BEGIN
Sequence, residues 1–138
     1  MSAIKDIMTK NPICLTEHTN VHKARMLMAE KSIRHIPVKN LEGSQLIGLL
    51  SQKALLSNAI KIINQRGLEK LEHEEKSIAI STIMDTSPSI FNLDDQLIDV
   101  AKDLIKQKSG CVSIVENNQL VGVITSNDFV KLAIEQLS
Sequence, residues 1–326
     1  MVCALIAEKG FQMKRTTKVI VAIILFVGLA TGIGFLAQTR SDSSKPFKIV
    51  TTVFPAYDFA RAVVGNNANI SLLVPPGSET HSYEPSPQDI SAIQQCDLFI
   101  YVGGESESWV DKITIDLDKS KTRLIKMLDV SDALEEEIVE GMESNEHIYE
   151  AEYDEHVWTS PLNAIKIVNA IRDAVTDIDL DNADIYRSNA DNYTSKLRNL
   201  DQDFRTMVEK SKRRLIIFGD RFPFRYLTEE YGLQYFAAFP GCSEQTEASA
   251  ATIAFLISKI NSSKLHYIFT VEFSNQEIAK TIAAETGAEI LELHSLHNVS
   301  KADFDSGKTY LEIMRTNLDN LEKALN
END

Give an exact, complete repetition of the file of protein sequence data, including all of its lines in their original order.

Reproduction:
Sequence, residues 1–138
     1  MSAIKDIMTK NPICLTEHTN VHKARMLMAE KSIRHIPVKN LEGSQLIGLL
    51  SQKALLSNAI KIINQRGLEK LEHEEKSIAI STIMDTSPSI FNLDDQLIDV
   101  AKDLIKQKSG CVSIVENNQL VGVITSNDFV KLAIEQLS
Sequence, residues 1–326
     1  MVCALIAEKG FQMKRTTKVI VAIILFVGLA TGIGFLAQTR SDSSKPFKIV
    51  TTVFPAYDFA RAVVGNNANI SLLVPPGSET HSYEPSPQDI SAIQQCDLFI
   101  YVGGESESWV DKITIDLDKS KTRLIKMLDV SDALEEEIVE GMESNEHIYE
   151  AEYDEHVWTS PLNAIKIVNA IRDAVTDIDL DNADIYRSNA DNYTSKLRNL
   201  DQDFRTMVEK SKRRLIIFGD RFPFRYLTEE YGLQYFAAFP GCSEQTEASA
   251  ATIAFLISKI NSSKLHYIFT VEFSNQEIAK TIAAETGAEI LELHSLHNVS
   301  KADFDSGKTY LEIMRTNLDN LEKALN